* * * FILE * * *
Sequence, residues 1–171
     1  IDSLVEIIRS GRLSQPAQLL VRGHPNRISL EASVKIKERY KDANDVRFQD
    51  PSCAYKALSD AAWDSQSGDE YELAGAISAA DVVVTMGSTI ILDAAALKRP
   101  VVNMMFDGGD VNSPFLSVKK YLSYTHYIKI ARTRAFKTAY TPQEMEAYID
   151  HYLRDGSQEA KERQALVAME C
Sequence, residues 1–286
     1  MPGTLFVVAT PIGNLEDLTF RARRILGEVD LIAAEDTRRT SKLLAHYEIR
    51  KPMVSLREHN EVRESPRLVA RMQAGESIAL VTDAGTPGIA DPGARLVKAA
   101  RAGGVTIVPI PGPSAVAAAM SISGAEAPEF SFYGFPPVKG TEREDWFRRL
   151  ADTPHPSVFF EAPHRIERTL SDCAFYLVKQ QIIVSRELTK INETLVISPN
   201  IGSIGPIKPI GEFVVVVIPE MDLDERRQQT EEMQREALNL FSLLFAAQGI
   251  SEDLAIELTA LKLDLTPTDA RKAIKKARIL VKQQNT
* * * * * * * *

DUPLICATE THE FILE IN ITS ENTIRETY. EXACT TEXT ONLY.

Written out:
Sequence, residues 1–171
     1  IDSLVEIIRS GRLSQPAQLL VRGHPNRISL EASVKIKERY KDANDVRFQD
    51  PSCAYKALSD AAWDSQSGDE YELAGAISAA DVVVTMGSTI ILDAAALKRP
   101  VVNMMFDGGD VNSPFLSVKK YLSYTHYIKI ARTRAFKTAY TPQEMEAYID
   151  HYLRDGSQEA KERQALVAME C
Sequence, residues 1–286
     1  MPGTLFVVAT PIGNLEDLTF RARRILGEVD LIAAEDTRRT SKLLAHYEIR
    51  KPMVSLREHN EVRESPRLVA RMQAGESIAL VTDAGTPGIA DPGARLVKAA
   101  RAGGVTIVPI PGPSAVAAAM SISGAEAPEF SFYGFPPVKG TEREDWFRRL
   151  ADTPHPSVFF EAPHRIERTL SDCAFYLVKQ QIIVSRELTK INETLVISPN
   201  IGSIGPIKPI GEFVVVVIPE MDLDERRQQT EEMQREALNL FSLLFAAQGI
   251  SEDLAIELTA LKLDLTPTDA RKAIKKARIL VKQQNT